There are plenty of moments when I ask myself, “Why can’t I chill out?” or when I yell at myself to JUST RELAX. But the only thing I have found that reliably and consistently enables me to calm down is alcohol. That is, when I am drinking, I am able to put aside my insecurities and to act “normal”. I believe that alcohol makes it more fun, or at least easier, for other people to hang out with me. I’ve actually had several people tell me that they prefer hanging out with the “drunk version” of me. That comment was meant as a joke, and I thought it was funny, but there is certainly truth to it. When I don’t drink in social situations I’m stiff, hesitant, reluctant to engage in conversation, and in a hurry to be done with it. Guests don’t feel particularly welcome in my house, and hosts experience a guest who seems unhappy to be there and is eager to leave. When I’m drinking, though, I can temporarily forget some of my discomforts and discontents, I can relax about what time it is, I can settle into the idea of just “rolling with it” and enjoy myself until the gathering comes to a natural end. But then, of course, I have to deal with feelings of guilt and remorse the next morning for the drinking I did the night before.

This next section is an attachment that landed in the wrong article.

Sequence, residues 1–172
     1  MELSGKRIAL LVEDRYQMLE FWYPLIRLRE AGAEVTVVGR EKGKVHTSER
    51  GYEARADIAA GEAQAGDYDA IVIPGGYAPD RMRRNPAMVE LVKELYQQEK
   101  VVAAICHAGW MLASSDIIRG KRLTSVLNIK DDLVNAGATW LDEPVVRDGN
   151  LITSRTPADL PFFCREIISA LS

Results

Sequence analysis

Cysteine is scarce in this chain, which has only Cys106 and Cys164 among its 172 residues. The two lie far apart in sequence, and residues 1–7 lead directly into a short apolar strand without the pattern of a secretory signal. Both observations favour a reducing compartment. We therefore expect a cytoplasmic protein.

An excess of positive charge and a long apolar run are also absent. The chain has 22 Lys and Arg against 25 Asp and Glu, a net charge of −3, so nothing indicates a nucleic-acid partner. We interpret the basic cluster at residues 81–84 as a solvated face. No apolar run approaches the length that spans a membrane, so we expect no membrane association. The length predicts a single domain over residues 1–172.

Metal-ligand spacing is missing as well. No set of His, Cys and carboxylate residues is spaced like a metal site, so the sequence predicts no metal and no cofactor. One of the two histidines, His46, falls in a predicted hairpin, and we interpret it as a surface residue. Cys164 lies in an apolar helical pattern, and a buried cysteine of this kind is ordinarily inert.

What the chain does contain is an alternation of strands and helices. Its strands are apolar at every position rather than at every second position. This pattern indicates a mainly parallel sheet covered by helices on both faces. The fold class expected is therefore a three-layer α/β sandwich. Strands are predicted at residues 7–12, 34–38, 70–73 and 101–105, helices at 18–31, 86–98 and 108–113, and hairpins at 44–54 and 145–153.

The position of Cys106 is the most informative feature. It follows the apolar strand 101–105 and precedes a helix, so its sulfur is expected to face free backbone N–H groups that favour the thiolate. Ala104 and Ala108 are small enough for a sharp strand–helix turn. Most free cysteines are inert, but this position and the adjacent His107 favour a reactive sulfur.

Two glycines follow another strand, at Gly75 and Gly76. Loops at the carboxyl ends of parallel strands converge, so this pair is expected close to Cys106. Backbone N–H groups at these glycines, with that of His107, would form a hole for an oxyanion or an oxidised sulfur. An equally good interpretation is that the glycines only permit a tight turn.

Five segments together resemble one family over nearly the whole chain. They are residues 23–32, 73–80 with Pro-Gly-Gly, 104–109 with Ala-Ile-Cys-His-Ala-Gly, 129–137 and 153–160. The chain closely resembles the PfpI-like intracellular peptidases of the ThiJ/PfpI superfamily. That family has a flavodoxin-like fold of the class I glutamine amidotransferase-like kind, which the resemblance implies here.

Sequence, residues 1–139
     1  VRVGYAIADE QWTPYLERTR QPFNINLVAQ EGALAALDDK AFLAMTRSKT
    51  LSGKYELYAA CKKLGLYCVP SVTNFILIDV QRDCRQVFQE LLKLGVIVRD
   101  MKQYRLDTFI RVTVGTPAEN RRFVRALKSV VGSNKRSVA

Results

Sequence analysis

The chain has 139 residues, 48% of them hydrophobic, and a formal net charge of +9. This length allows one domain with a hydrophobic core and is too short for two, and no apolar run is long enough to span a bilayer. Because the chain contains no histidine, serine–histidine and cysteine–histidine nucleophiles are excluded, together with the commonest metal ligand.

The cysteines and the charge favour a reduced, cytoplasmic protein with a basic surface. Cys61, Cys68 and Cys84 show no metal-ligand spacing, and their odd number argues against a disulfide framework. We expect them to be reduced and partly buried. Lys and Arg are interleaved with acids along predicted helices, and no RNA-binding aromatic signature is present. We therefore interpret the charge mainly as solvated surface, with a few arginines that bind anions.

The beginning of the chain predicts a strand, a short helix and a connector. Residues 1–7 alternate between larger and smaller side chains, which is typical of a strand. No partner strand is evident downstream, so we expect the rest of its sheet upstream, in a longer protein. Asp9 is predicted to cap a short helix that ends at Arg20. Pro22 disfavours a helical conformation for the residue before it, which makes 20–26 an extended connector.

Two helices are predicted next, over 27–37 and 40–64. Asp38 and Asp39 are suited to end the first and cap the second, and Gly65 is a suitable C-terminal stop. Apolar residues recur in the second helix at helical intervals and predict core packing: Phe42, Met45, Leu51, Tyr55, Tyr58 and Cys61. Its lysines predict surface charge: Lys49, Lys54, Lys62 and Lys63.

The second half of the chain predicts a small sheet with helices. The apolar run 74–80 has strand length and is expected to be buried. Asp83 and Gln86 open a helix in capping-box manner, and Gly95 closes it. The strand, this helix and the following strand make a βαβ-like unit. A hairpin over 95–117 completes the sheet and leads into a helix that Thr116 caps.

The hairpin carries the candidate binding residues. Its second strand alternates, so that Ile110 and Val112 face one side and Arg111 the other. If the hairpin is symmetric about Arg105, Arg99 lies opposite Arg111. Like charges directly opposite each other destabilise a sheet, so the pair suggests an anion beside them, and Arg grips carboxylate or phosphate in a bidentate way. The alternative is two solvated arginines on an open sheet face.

Through my writing, I think I’m able to process and increase my understanding of what is happening in my head. I can see a goal that I could aspire to - accept my imperfections; work on relaxing in social situations without using alcohol; allow myself some grace in changing my routine (sleeping later, skipping a day of exercise); give other people grace for their imperfections and use that as an opportunity for empathy rather than judgment. This is all, of course, much easier said than done. That’s why it is an aspiration. Despite the clarity of these words on the page, and their obvious appeal, the idea of embracing these things feels like I’m standing at the bottom of a sheer cliff, wanting to climb to the top, but knowing that I have no idea how to rock climb (not to mention no equipment to do it with). It doesn’t just feel like it would be hard, it feels like it would be impossible, and also dangerous.
Writing this down, and posting it, feels like a first step at least.